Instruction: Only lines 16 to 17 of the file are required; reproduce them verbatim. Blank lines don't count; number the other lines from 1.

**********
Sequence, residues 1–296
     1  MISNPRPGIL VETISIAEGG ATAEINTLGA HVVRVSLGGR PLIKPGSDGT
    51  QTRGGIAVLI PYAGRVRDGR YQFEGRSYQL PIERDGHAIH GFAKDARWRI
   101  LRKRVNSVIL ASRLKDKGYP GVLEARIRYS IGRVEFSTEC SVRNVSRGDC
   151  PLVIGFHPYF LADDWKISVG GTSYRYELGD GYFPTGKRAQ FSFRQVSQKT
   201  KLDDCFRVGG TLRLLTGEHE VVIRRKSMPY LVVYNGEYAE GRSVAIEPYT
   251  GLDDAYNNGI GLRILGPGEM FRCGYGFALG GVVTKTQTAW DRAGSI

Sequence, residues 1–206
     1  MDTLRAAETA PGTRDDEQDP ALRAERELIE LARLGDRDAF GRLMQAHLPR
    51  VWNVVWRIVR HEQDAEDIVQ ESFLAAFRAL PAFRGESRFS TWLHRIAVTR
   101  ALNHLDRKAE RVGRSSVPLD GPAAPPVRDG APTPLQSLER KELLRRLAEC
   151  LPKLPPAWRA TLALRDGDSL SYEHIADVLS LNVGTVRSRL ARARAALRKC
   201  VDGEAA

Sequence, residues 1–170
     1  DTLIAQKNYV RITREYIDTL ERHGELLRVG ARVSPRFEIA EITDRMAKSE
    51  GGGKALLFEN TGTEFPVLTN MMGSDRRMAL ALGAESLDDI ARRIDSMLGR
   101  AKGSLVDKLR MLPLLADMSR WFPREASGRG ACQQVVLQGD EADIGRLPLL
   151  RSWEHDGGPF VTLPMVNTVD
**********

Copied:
    51  GGGKALLFEN TGTEFPVLTN MMGSDRRMAL ALGAESLDDI ARRIDSMLGR
   101  AKGSLVDKLR MLPLLADMSR WFPREASGRG ACQQVVLQGD EADIGRLPLL